Summary Judgement: In what is possibly the safest episode it has ever done, Community goes meta on being normal and manages to pull it off.
““Urban Matrimony and the Sandwich Arts” was a safe episode of Community. For that reason, some of the series’ more gung-ho fans might have been a bit put off. The usual irreverence was in play, but not withstanding three references to Inspector Spacetime something was missing. The comedy was, for want of a better word, normal. In fact it was downright pedestrian. I mean, a wedding episode? What’s that all about, right? Fans didn’t spend the last three months holding their collective breath to see Shirley (Yvette Nicole Brown) get married. This isn’t Friends. We’ve been waiting for the satire that presumes equal knowledge of popular culture and high culture. We wanted You Don’t Know Jack and Dan Harmon and team gave us Jeopardy. Or did they?
Well yes, they did a little. But with good cause and in the spirit that makes Community work as a show.
According to TVLine, the Ides of March saw Community pull in 4.9 million viewers. That is a 36% increase from “Regional Holiday Music” and a 20% increase from season three’s premiere episode. Fun fact, The Office also pulled in 4.9 million on March 15th. Accounting for word of mouth, DVD sales, Netflix, and Hulu I think it is safe to assume that this boost represents a large number of freshman Community watchers. Bearing that in mind, Community’s return to television glory couldn’t be a balls out meta-Voltron that saw Jeff (Jole McHale) piloting Black Lion into battle against Pierce (Chevy Chase), who was supposed to be King Zarkon but got the costume wrong and showed up as an ice pirate. All the newbies would get scared away. Instead we got an extended version of Jeff’s dream from the first episode of the season.
The song says it all: “We’re going to have more fun and be less weird.”
And that’s exactly what Community did to usher in its return. It went meta on itself and being normal. For what is more normal than a man and a woman getting married? What is more normal than having to put on a false facade as a wedding guest for fear of offending people with non-inclusive small talk? It’s all nice and happy and normal until the line between being yourself and being the fake person that you have to be to fit in becomes blurred.
As a former lawyer, Jeff Winger should have no problem coming up with a polite toast for Shirley’s second wedding to ex-husband Andre (Malcolm Jamal Warner). The cornerstone of the legal profession is saying one thing and meaning another. Yet Jeff ends up going on a bender as he fails to reconcile his belief that marriage is a dead institution with the fact that he genuinely cares about Shirley. Britta (Gillian Jacobs), who has spent her life eschewing cookie cutter ideas of orthodoxy, collapses into alcohol’s warm embrace when she realizes her natural talent as a wedding planner. A well meaning gesture intended to free up Shirley’s time forces Britta to confront the fact that she is, quite likely and despite her best efforts otherwise, a normal hetero American woman. For Britta there can be no greater crisis of identity. Meanwhile, Troy (Donald Glover) and Abed (Danny Pudi), suspecting that their natural personalities will ruin Shirley’s big day, take to a 24-hour nerd out to purge themselves of whimsy. What remains are two seemingly self-effacing guys in suits whose attempts at being normal come off as condescending to Andre. The enduring message is pretty clear; attempting to adhere to artificial standards of normality makes a person crazy, just like Annie (Alison Brie), whose next mental breakdown is always lurking just beneath the surface of her calm exterior.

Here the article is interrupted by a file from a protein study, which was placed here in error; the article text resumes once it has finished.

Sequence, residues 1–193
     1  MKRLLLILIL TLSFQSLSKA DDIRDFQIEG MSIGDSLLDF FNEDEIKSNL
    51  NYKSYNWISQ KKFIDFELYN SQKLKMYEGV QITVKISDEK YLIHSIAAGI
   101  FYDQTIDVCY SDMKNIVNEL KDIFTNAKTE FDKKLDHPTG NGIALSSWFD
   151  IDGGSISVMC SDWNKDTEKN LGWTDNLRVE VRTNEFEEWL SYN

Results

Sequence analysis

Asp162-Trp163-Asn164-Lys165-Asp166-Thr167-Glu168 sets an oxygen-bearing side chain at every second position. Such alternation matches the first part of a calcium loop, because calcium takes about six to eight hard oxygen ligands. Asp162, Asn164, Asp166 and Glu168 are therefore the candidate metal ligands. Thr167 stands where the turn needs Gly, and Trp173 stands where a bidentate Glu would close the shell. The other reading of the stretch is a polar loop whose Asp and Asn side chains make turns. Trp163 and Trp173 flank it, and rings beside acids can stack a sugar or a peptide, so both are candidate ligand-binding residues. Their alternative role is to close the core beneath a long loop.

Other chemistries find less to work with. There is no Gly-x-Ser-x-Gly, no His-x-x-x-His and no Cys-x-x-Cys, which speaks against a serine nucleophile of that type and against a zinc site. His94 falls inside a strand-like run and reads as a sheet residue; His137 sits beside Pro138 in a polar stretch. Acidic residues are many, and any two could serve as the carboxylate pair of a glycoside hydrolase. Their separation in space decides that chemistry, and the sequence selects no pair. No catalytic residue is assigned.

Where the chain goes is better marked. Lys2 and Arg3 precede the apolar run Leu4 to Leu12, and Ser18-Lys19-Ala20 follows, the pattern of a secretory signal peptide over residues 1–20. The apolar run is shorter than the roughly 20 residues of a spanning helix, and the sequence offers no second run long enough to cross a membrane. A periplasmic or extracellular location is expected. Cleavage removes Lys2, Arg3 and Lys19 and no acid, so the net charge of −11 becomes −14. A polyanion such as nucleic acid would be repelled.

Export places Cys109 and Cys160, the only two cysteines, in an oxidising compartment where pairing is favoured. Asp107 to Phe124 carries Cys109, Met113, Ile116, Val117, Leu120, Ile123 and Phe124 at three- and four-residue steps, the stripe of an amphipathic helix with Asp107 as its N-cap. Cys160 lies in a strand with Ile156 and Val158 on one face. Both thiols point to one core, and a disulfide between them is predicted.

So when Abed and Troy turn their back on dancing like idiots and begin to suspect that Blorgons have found a way to assume human form, they do so not only to reclaim their true identities, but to implicitly call out all the other party guests as frauds. The subtle extension is that network television/the world/whoever should cease their attempts at foisting normality on things that are best left to their own devices.
“”Be yourself, because we sure as hell are going to be.” Despite some indications otherwise, that’s the take away message from last night’s episode. Perhaps it’s a slower start than some people wanted, but it’s the best way to give new viewers a solid foundation upon which to stand before things start to get weird.
Welcome back, Community. We missed you.